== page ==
Quitting Smoking

What are the things that puzzle, enrage, delight and tickle you as you go about your life in Madison?

Is it really worth it to quit smoking?

Poll ended at Sat Jul 23, 2005 2:42 pm

Yes, think of your long term health.
16
73%
No, satisfy your current craving. Live for today.
4
18%
Just change what you smoke!
2
9%
 
Total votes: 22

Dulouz
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Postby Dulouz » Tue Jul 19, 2005 9:00 pm

You're only an alcoholic when you quit drinking. . . .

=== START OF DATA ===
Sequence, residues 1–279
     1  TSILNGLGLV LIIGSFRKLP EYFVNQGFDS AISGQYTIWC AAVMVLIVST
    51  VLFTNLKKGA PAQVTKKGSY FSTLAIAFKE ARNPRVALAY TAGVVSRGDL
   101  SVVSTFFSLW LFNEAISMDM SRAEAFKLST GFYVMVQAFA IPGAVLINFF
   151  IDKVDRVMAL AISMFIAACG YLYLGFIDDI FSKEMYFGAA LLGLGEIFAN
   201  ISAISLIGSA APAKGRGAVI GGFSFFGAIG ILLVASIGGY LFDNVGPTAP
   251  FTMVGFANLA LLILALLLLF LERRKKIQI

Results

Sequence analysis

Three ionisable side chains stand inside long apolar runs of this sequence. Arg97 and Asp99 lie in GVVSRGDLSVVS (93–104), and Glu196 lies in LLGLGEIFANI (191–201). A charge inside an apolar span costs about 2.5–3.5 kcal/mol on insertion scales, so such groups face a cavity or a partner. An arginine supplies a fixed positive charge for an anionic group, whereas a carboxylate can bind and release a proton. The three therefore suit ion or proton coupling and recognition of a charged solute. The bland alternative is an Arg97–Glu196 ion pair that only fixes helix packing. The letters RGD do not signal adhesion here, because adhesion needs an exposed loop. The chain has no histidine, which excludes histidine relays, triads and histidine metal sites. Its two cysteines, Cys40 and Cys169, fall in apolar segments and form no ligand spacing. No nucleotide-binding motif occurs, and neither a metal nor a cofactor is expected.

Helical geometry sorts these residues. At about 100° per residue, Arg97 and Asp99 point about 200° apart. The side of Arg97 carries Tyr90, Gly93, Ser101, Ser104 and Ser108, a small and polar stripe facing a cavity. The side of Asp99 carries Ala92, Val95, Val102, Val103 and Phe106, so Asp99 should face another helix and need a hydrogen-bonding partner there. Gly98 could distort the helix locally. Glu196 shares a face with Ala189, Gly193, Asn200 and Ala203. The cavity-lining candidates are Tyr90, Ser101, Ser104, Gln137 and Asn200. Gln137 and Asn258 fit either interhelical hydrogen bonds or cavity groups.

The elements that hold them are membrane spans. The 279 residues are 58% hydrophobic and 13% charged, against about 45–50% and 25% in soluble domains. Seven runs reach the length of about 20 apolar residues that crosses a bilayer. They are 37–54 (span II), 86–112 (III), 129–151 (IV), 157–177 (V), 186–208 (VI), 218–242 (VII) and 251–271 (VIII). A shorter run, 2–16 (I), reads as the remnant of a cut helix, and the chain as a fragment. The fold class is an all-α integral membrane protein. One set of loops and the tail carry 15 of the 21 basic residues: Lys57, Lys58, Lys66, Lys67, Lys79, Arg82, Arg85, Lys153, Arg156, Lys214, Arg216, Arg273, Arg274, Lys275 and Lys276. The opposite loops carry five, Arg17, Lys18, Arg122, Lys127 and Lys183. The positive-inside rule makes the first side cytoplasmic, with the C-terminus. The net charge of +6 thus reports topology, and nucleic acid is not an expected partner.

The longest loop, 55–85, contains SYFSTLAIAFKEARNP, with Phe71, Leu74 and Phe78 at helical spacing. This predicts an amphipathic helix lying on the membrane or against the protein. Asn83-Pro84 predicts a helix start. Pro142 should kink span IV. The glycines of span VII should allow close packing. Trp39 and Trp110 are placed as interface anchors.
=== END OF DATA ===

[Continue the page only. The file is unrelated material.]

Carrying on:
Mr. Blues

Postby Mr. Blues » Wed Jul 20, 2005 1:29 am

Dulouz wrote:You're only an alcoholic when you quit drinking. . . .


I could never be an alcoholic. Going to all of those meetings would cut into my drinking time way too much.

Digger
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Postby Digger » Wed Jul 20, 2005 1:25 pm

Maybe I should try those Eclipse Ciggs. Then quit.

http://www.eclipse.rjrt.com/RJR/dtc_cer ... eeves=true

Madcity Expat
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Re: Quitting Smoking

Postby Madcity Expat » Wed Jul 20, 2005 3:07 pm

Digger wrote:Quitting Smoking sucks. It has been one week and I am going insane.

In the spirit of the recent smoking ban I have decided to stop smoking. Does anyone have any tips on how to ease the NEED TO SMOKE I am feeling?